With our clinician chat segments, we sit down with physicians at the Ageless and Wellness Center. This segment we speak to Dr. Lori Ann Leaseburge about nutrition and the role it plays in health.
AWN: You know the saying, "A good diet is the best medicine." Have you seen that proven true in working with your patients?
Dr. Leaseburge: Absolutely! Food is medicine. Nutrients in food work with your biology to support all of the biochemical processes that have to occur. If you put the wrong oil and gas in your car it doesn't run. If you put the wrong food in your body it doesn't run, either. Patients who work with their diets definitely have better results. For example, hormonal imbalance such as estrogen dominance can be worsened by the "Standard American diet" which is high in sugar and refined carbohydrates, processed foods, xenoestrogens (substances that act like estrogen in the body) and hormones in foods. Reducing or eliminating these foods definitely help.
AWN: You worked as a Registered Dietician at Duke before completing your medical degree. What role does nutrition play in traditional medical school training?
Dr. Leaseburge: Very little nutrition education is taught in medical school. Most medical doctors graduate with no real understanding of nutrition. That said, my training as a dietician still didn't completely prepare me for the work I do today. My current level of expertise has come through my own research and my training through the American Academy of Anti-Aging Medicine (A4M) and the Institute for Functional Medicine.
AWN: You are an Advanced Fellow of the American Academy of Anti-Aging Medicine. Can you tell us a little about this organization?
Dr. Leaseburge: A4M is a non-profit organization whose main objective is education to detect, prevent and treat disorders related to aging. The underlying philosophy is that accumulated physiologic dysfunction can be treated with the goal of improving the quality of life and possibly extending the lifespan.
AWN: Can a person be deficient in essential nutrients and not know it? What are the most important -- and most often overlooked -- nutrient levels that everyone should have checked?
Dr. Leaseburge: Absolutely, yes, you can be deficient and not realize that it is affecting your life. There is data that shows that 90% of people are deficient in some nutrient. The most common ones are magnesium, zinc, vitamin D, omega3s, and B vitamins. We check our patients for all of those (and more, depending on each patient's needs and symptoms) when we order bloodwork. Replacing those deficiencies can have a profound effect on a patient's health and well-being.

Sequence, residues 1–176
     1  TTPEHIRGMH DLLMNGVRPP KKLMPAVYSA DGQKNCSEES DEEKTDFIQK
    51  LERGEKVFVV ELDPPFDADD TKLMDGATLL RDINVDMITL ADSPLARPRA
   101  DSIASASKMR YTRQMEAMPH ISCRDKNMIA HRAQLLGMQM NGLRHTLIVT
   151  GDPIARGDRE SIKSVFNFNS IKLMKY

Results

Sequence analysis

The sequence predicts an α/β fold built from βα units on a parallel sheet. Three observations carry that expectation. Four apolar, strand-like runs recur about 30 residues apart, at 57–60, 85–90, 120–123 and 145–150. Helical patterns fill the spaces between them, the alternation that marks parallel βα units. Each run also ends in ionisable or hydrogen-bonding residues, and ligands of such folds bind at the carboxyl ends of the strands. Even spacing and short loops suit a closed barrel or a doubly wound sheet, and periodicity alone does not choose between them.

AWN: If someone eats a healthy diet, do they still need supplements? Can't we get everything we need from food?
Dr. Leaseburge: In a perfect world, we wouldn't need supplements, but stress, poor sleep, and poor quality food have too much impact. Even when people eat a so-called "healthy diet," the phytonutrient content is less than optimal due to being grown in nutrient-depleted soils and because of the use of pesticides. We don't eat diets that are varied enough, either. You may see studies that suggest that supplementation is unnecessary, but in general, those studies are done using one nutrient in a high amount, which is not the same as taking a blend of vitamins.
AWN: Why do you and the other clinicians recommend pharmaceutical-grade supplements?
Dr. Leaseburge: Let me give you an example: one of my patients starting taking a vitamin D supplement, at 5000IU a day. Her bloodwork showed that her level was 65, which is perfect. When she came in for her next appointment, her level was 29! She said she was still taking 5000IU every day -- so what happened? It turned out that she had switched to a big-box store brand. When you see results like that, there is no question that a difference in supplement quality has a direct effect on health.